Comedian Tig Notaro did a stand-up routine recently on cable TV, and I couldn't help but notice something unusual about her performance.
I mean, beside the fact that she was topless.
She was helping me, and an entire audience, feel a little less uncomfortable about breast cancer. As a result, Notaro was encouraging an important, healthy change in society overall: people talking more frankly about their medical conditions in order to wipe away some of the stigma of getting ill.
A generation or two ago, when someone close was hit with a cancer diagnosis, relatives would whisper the name of the dread disease or call it the Big C. Speaking frankly about it made it seem possibly contagious.
Contrast that fear with Notaro, who did half her recent routine topless, after undergoing a double mastectomy. I caught her act and at first asked myself why she would do this: To shock? To take a brave stand?
I watched her move smoothly into her comedic routine after hanging her shirt on a stand. She held the mic and gestured confidently. She went on being funny in her quirky, sideways-take-on-life way.
Soon I realized I was overlooking the fact that she was naked from the waist up, that she no longer had breasts. I was simply laughing with her audience and enjoying this comic as she cajoled us to stop the whispering and enjoy the vagaries of life as we trip over them.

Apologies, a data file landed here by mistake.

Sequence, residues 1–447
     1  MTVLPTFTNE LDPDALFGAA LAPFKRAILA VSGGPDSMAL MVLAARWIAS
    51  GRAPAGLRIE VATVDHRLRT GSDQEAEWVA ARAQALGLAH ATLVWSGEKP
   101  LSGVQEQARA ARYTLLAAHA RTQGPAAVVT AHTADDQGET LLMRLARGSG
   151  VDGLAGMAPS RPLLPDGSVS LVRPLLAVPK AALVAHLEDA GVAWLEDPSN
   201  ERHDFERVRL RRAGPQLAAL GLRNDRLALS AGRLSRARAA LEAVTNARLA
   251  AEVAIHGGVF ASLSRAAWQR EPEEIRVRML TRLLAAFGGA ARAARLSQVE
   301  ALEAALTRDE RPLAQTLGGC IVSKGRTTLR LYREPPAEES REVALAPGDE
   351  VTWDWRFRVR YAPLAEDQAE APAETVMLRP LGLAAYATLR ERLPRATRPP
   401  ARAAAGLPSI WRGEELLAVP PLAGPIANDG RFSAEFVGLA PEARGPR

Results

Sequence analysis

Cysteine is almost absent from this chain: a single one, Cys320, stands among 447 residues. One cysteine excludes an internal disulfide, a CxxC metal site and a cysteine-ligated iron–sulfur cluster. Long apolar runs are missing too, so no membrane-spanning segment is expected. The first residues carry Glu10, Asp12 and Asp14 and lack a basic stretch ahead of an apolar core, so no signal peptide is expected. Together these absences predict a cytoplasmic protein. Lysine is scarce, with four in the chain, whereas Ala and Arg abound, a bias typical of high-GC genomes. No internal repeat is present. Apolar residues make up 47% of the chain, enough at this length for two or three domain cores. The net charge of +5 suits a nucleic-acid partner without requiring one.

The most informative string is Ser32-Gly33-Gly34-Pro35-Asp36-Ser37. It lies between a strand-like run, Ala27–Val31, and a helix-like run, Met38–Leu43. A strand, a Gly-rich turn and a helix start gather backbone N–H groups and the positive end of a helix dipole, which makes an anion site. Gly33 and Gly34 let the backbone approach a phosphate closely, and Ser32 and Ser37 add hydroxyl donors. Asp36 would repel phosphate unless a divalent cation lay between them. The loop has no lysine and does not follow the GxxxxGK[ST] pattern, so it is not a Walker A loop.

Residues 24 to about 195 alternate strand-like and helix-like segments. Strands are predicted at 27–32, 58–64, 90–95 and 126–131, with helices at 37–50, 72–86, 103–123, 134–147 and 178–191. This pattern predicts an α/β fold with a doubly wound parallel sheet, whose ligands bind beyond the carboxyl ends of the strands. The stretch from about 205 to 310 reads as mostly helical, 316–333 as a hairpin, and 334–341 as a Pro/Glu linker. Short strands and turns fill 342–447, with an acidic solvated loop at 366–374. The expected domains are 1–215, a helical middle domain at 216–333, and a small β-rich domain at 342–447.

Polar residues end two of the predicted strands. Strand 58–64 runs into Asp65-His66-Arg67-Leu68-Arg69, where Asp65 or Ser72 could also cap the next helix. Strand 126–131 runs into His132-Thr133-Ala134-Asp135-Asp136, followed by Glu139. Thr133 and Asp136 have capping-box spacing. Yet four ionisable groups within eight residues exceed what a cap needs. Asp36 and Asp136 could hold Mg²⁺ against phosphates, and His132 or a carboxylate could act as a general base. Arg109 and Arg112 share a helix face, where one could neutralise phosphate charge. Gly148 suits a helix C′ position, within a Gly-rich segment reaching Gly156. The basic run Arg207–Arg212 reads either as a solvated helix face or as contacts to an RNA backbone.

Medical science has helped us take baby steps in acknowledging life's realities and breathing a bit easier in dealing with them. Because of this, many famous people now talk about their diagnoses publicly. Betty Ford made it acceptable to acknowledge alcoholism as well as breast cancer. Jimmy Carter told the world this month about his cancer diagnosis, displaying a fearlessness about the treatment he faces and a calm frame of mind.
The message is that sometimes things happen. There's no one and nothing to blame, and they happen even to those public figures whose lives seem charmed: bipolar disorder, depression (both post-partum and clinical) and cancers. It's almost common now to get news reports about the famous doubling as medical updates.
When we learn about their issues, they become real people, not idealized icons. They put the lie to the illusion that illness equals weakness and is embarrassing. If they've faced down the diagnosis, gotten treatment and talked about it, then we can too. Being open about it enables others to offer emotional support. Given our digital world, openness has become contagious: the nonfamous, as well, have taken to using blogs, sharing their journeys with illness and treatment.
These genuine conversations go well beyond knee-jerk gossip and viral salivating. They have shown us how to respond to illness. In acknowledging and working through it, we can even find humor in the process. Notaro chose a brave format to accomplish this and helped speed the process of our culture's growing up.
Deborah Lev is an associate professor of communication at Centenary College in Hackettstown, N.J.